Noyori xfer H2 KR scheme.png

This methodology is essentially the reverse of Noyori's asymmetric transfer hydrogenation of ketones,[26] which yield enantioenriched alcohols via reduction. This limits the attractiveness of the kinetic resolution method, since there is a similar method to achieve the same products without the loss of half the material. Thus, the kinetic resolution would only be carried out in an instance for which the racemic alcohol was at least one half the price of the ketone or significantly easier to access.

Noyori transfer H2 reduction scheme.png
Uemura and Hidai's catalyst for transfer hydrogenation/kinetic resolution of secondary alcohols

In addition, Uemura and Hidai have developed a ruthenium catalyst for the kinetic resolution oxidation of benzylic alcohols, yielding highly enantioenriched alcohols in good yields.[27] The complex can, like Noyori's catalyst, affect transfer hydrogenation between a ketone and isopropanol to give an enantioenriched alcohol as well as affect kinetic resolution of a racemic alcohol, giving enantiopure alcohol (>99% ee) and oxidized ketone, with acetone as the byproduct. It is highly effective at reducing ketones enantioselectively, giving most benzylic alcohols in >99% ee and can resolve a number of racemic benzylic alcohols to give high yields (up to 49%) of single enantiomers, as shown below. This method has the same disadvantages as the Noyori kinetic resolution, namely that the alcohols can also be accessed via reduction of the ketones enantioselectively. Additionally, only one enantiomer of the catalyst has been reported.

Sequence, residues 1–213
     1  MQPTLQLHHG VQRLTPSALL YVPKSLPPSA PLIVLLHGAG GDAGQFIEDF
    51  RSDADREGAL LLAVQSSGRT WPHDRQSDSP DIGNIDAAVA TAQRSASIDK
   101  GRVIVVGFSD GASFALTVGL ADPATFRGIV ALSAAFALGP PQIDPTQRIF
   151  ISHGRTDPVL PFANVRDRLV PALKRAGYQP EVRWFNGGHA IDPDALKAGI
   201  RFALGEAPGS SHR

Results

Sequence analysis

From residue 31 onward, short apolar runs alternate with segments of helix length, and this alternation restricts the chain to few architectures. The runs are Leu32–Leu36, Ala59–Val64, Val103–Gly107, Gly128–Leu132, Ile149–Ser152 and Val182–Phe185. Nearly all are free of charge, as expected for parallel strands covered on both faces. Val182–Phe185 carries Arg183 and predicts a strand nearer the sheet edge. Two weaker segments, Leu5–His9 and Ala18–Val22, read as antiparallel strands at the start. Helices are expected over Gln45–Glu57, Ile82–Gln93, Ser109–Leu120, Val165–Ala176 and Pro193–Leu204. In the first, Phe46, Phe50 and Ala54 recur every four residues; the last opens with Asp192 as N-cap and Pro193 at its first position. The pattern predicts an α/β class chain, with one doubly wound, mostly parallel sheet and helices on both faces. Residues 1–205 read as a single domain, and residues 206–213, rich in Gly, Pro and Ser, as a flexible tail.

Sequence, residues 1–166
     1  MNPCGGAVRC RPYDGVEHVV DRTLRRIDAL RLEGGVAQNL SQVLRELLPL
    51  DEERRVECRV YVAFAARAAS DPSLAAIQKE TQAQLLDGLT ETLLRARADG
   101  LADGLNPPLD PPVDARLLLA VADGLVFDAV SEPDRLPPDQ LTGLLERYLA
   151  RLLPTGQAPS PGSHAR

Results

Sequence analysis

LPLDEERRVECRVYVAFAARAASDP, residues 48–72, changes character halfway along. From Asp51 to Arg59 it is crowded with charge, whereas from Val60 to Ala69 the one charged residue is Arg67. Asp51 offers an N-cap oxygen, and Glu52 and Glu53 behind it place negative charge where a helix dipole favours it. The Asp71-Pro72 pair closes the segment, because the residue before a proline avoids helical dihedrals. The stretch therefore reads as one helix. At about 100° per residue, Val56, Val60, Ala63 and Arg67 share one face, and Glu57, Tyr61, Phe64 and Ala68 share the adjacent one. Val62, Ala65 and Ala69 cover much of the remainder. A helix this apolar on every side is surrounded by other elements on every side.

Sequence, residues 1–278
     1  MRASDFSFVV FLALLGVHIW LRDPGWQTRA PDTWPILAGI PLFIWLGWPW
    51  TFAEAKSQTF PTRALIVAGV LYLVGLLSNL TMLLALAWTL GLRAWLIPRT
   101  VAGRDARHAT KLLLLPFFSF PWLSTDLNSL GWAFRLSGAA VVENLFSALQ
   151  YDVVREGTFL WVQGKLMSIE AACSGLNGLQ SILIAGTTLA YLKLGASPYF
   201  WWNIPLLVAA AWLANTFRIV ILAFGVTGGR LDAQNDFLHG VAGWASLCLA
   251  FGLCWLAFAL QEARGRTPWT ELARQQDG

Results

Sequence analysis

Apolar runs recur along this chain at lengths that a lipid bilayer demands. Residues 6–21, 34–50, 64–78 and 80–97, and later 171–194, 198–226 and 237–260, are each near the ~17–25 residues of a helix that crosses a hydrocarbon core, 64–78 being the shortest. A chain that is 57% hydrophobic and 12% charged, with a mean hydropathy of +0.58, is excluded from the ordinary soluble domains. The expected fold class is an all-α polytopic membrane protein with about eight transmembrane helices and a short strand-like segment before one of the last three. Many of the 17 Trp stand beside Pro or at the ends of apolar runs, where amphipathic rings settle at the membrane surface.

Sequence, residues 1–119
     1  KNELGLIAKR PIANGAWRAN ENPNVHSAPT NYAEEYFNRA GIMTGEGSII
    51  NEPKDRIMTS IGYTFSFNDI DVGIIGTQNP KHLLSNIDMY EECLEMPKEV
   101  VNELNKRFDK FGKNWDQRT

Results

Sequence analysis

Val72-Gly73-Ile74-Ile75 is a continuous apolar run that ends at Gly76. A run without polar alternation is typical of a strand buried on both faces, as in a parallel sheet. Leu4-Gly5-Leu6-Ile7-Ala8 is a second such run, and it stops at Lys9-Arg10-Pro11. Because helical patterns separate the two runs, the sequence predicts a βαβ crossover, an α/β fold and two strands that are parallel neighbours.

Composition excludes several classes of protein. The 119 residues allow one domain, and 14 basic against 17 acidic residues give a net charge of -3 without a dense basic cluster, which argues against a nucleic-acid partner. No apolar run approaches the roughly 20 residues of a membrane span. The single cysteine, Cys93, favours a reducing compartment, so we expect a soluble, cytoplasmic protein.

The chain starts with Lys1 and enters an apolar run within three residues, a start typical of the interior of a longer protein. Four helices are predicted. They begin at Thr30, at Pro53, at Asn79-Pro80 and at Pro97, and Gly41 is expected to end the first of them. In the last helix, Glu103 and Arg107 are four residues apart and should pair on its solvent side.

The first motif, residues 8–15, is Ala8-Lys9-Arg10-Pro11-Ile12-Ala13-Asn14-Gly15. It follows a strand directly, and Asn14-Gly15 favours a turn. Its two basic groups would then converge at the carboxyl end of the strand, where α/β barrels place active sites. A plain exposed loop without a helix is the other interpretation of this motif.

Uemura and Haiti transfer H2 KR of alcohols.png


Noyori's (R)-BINAP Ru catalyst for the hydrogenative kinetic resolution of allylic alcohols

Noyori has also demonstrated the kinetic resolution of allylic alcohols by asymmetric hydrogenation of the olefin.[28] Utilizing the Ru[BINAP] complex, selective hydrogenation can give high ee's of the unsaturated alcohol in addition to the hydrogenated alcohol, as shown below. Thus, a second hydrogenation of the enantioenriched allylic alcohol remaining will give enantiomerically pure samples of both enantiomers of the saturated alcohol. Noyori has resolved a number of allylic alcohols with good to excellent yields and good to excellent ee's (up to >99%).

Noyori hydrogenation KR of allylic alcohols.png

Ring closing metathesis[]

Hoveyda and Schrock's catalyst for ring closing metathesis kinetic resolution